Scientific Understanding of Consciousness
Metaphor of Object-Oriented Programming
Metaphors can sometimes be helpful. Although the neural network does not correspond to a digital computer in most ways, I believe the metaphor of "object-oriented programming" may be helpful. The brain’s cognitive functionality and memories are widely distributed. I believe there are many thousands of tiny local functional modules operating in parallel and hierarchically with recurrent and reentrant connections operating recursively. This brings to mind object oriented programming, which is used in a number of modern programming languages.
Object-oriented programming (OOP) is a programming paradigm using "objects" – data structures consisting of data fields and methods together with their interactions. Objects can be thought of as wrapping their data within a set of functions designed to ensure that the data are used appropriately. An object-oriented program will usually contain different types of objects, each type corresponding to a particular kind of complex data to be managed. (Wikipedia, http://en.wikipedia.org/wiki/Object-oriented_programming)
The computer simulations of neural network functions analyzed by Edmund Rolls provide an indication of the way in which methods and data can be clustered together in tiny local modules. (e.g. Rolls; Memory, Attention, and Decision-Making, 41)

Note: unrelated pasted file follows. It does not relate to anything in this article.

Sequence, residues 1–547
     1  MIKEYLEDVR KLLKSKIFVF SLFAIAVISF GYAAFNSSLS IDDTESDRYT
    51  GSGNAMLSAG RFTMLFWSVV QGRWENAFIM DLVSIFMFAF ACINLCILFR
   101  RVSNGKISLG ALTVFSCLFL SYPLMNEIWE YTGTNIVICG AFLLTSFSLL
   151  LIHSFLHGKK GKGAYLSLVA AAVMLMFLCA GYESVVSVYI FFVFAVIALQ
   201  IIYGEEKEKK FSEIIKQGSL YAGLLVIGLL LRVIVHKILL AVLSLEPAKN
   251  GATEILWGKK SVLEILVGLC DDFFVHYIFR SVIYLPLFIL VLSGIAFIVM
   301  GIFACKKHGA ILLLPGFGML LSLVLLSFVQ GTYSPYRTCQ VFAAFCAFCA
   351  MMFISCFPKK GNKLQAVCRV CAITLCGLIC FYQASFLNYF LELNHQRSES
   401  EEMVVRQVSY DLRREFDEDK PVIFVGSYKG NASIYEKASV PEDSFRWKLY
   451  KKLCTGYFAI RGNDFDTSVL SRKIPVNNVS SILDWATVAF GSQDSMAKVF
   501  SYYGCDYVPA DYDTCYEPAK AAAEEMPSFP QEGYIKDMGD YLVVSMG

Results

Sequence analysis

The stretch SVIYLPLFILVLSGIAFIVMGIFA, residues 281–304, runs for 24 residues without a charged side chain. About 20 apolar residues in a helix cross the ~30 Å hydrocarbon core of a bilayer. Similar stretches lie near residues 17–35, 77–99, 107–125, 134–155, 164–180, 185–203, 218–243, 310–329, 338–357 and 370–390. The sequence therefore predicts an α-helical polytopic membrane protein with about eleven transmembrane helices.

Thousands of these tiny modules, providing a variety of specialties, can operate in parallel and hierarchically with reentry and recursion. Rolls indicates some of the neural functions such as short-term memory, associative memory, etc.
The cognitive functions named by Joaquín Fuster conform to the metaphor of object oriented programming:
Joaquín Fuster has coined the term "cognit" as a generic term for any representation of knowledge in the cerebral cortex. The cognit is made up of assemblies of neurons and connections between them. (Fuster; Cortex and Mind, 14)
All five essential cognitive functions of the human brain -- attention, perception, memory, intelligence, and language -- consist of neural transactions between and within the cognitive networks of the cortex, termed "cognits," comprising units of knowledge (functions) and memory (data). (Fuster; Prefrontal Cortex, 335)
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